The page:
In 1414 Bishop Salisbury during his stay in Europe, where he arrived at the historic Council of Constance of the Catholic Church, fell ill and died. His body was exhibited for a solemn farewell in the great hall. That same night a flock of birds landed on the roof of the building and stayed there until morning. No one could identify the birds. According to the description, large body and dazzling white wings, they resembled albatrosses. In flight, their wings were motionless. It is known that albatrosses are able to fly long distances over the sea, using air currents, soaring on their huge wings and only occasionally flapping them. But why did the seabirds gather on the roof of this building when the body of an important Church dignitary was in it?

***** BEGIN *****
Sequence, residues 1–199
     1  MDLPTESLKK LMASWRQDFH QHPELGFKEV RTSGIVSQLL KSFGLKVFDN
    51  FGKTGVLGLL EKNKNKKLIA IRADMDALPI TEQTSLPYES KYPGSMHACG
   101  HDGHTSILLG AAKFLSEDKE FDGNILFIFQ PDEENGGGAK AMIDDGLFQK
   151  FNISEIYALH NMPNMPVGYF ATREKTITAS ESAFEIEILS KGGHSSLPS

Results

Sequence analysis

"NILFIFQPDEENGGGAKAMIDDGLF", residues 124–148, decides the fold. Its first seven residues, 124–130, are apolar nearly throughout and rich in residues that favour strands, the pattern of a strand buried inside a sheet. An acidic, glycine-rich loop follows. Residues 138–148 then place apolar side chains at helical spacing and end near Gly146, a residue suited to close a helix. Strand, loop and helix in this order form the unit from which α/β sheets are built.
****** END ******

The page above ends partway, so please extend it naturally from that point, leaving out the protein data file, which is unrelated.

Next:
Ever since John Michel and Robert Rickard wrote in phenomena (1977), these huge white birds have flocked to the death of every Bishop of Salisbury. Thus, in 1885, when another Bishop of Salisbury was dying in his Palace, his daughter saw them fly out of the garden. And on August 15, 1911, a woman noticed two strange-looking white birds near Salisbury. When she came home, she learned of the sudden death of the Bishop.White birds of death